GM expert says 21 deaths eligible for compensation
Sep. 22, 2014
DETROIT (AP) — The death toll from crashes involving General Motors small cars with faulty ignition switches is at least 21.
Attorney Kenneth Feinberg, who was hired by the company to compensate victims, said Monday in an Internet posting that he received 143 death claims as of Friday, and 21 of those have been deemed eligible for payments.
A spokeswoman said the rest of the claims are under review and not all will be eligible. The death toll rose from a week ago, when Feinberg had determined 19 claims would get payments.
The website also said that Feinberg received 532 injury claims as of Friday. Of those, 16 are eligible for compensation thus far. The others are still being reviewed.
The defective switches can unexpectedly move to the "accessory" or "off" positions, shutting down the engine and knocking out power steering and brakes. With engines shut off, people can lose control of their cars and crash. If that happens, the air bags won't inflate.
GM has admitted knowing about the problem for more than a decade in small cars such as the Chevrolet Cobalt. Yet it didn't begin recalling the 2.6 million small cars until February.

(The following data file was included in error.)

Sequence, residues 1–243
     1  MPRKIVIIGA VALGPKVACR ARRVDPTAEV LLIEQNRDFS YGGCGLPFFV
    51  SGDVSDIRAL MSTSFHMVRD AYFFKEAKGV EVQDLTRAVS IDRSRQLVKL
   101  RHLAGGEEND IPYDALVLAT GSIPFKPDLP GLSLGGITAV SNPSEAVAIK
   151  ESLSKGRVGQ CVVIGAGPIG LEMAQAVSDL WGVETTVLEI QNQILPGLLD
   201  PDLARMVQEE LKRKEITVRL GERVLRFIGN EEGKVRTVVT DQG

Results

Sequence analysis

For months, the company said at least 13 people died in crashes linked to the faulty switches, but GM acknowledged that the death toll would go higher. Some lawmakers have estimated that it's close to 100.
Feinberg has said GM has not limited the total amount he can pay in compensation. GM has estimated the cost of compensating victims at $400 million, but says it could rise to $600 million.
A Feinberg spokeswoman said Monday that his office is in the process of sending out letters telling people how much money he is offering. Those filing claims can reject Feinberg's offer and seek compensation through lawsuits.
Feinberg won't identify those getting payments, citing confidentiality agreements. GM has not identified the 13 victims. The U.S. National Highway Traffic Safety Administration says it has not tallied the total number of deaths.